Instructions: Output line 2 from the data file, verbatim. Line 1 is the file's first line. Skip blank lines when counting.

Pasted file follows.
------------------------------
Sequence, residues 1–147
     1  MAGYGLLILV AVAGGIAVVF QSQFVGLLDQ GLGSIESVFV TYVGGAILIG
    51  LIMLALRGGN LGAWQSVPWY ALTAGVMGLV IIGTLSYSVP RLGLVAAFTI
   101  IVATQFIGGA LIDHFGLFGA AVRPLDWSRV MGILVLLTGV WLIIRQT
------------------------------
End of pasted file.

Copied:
     1  MAGYGLLILV AVAGGIAVVF QSQFVGLLDQ GLGSIESVFV TYVGGAILIG